New research suggests that the brain plays a key role in the regulation of glucose and the development of type 2 diabetes.
Up to now the emphasis in research has been focused on insulin which was discovered in the 1920’s with most current treatments looking to increase insulin levels or the body’s sensitivity to insulin.
While treatment drugs address the consequences of diabetes they are not targeted at the underlying causes and so control rather than cure the disease.
New research in the journal Nature suggests that a partnership between insulin producing cells and circuits in the brain is what maintains normal glucose levels
The researchers argue that the development of diabests requires a failure of both the insulin producing cells and the brain centred regulatory system.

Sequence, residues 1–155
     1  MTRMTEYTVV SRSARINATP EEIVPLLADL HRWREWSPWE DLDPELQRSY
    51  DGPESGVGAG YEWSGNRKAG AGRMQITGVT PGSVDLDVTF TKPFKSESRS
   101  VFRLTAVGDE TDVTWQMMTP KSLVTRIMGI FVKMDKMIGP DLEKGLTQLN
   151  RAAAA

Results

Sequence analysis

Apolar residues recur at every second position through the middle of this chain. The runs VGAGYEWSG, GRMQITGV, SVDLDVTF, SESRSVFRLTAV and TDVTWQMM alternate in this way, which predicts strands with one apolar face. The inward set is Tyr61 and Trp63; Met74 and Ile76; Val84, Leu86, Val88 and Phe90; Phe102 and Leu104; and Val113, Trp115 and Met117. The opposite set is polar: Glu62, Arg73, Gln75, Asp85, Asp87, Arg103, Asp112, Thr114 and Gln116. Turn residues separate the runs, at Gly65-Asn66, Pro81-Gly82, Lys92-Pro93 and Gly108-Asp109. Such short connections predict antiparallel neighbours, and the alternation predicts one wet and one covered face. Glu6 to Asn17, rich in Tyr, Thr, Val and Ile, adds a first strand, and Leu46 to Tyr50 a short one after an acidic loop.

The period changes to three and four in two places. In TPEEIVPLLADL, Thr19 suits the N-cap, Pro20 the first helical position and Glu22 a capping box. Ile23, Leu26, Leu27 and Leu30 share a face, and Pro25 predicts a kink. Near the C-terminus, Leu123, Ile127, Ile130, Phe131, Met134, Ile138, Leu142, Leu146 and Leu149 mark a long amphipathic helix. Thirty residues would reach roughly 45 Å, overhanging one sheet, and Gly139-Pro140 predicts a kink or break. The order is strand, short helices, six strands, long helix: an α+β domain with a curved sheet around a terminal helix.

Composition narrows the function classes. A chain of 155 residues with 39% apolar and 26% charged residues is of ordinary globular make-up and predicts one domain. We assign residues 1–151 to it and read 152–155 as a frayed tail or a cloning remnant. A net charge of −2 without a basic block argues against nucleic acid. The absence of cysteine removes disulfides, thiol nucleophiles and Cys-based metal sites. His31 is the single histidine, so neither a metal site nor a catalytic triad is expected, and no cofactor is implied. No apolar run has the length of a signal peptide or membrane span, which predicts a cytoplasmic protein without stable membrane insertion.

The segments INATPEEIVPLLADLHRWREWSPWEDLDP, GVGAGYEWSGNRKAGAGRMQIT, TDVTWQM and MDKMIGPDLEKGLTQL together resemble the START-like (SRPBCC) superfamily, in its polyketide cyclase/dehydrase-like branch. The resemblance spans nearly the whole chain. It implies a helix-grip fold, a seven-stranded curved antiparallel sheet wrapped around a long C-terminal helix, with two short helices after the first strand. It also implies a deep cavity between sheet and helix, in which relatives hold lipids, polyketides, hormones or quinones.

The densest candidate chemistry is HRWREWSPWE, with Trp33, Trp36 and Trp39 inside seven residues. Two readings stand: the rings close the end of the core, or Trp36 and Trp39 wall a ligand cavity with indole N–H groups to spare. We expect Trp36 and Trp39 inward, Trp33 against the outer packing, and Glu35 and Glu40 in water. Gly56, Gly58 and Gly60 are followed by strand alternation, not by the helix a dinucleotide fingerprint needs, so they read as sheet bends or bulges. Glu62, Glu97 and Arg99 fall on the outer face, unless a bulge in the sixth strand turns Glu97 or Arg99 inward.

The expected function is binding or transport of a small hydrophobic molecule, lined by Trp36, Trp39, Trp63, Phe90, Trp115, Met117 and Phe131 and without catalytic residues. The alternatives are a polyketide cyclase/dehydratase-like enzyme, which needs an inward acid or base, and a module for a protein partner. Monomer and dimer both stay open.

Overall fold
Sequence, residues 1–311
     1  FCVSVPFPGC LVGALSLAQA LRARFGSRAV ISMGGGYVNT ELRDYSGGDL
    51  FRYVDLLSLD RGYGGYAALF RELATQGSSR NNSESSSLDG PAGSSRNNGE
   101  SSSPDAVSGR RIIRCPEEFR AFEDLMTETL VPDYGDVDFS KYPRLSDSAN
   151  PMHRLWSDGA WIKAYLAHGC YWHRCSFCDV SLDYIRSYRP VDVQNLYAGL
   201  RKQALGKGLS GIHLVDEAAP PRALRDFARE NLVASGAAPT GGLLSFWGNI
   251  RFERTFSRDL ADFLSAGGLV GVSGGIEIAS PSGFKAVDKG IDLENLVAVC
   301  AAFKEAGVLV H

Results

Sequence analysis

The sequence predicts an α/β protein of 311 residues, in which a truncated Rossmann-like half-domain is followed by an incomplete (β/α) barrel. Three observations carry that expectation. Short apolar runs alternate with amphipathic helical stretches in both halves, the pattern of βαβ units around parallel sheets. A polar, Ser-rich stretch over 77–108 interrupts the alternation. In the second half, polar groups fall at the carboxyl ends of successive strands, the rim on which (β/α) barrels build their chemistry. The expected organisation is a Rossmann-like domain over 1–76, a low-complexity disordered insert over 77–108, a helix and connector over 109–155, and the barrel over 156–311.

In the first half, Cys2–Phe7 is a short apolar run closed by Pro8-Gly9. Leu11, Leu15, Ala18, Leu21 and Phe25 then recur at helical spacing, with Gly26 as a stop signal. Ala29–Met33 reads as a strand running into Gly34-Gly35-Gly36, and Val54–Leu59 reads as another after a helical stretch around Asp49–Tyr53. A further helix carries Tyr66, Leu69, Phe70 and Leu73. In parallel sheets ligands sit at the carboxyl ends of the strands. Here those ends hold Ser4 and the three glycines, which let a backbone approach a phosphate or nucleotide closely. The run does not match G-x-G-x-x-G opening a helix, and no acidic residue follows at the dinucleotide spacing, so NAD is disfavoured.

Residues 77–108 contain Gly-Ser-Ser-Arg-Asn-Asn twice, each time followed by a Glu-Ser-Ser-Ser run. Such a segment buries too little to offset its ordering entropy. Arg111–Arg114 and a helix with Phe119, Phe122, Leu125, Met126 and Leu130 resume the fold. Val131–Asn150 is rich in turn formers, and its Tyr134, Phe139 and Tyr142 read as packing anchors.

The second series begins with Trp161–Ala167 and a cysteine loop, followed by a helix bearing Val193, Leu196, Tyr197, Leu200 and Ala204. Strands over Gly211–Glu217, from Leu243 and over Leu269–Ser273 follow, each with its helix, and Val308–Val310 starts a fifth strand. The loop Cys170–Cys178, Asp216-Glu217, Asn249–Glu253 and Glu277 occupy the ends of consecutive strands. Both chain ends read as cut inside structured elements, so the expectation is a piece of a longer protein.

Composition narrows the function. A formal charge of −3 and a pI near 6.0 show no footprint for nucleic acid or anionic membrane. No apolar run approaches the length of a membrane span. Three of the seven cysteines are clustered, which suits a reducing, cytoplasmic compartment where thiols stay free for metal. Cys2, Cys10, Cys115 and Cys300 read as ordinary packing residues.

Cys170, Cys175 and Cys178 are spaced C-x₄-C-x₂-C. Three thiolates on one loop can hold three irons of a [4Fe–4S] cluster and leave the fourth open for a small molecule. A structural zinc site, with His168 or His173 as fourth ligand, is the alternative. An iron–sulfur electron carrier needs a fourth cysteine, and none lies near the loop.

They suggest a two system approach targeting both of these areas.
They say that boosting insulin levels alone only addresses half the problem.
“To restore normal glucose regulation requires addressing the failures of the brain-centered system as well. Approaches that target both systems may not only achieve better blood glucose control, but could actually cause diabetes to go into remission” they write.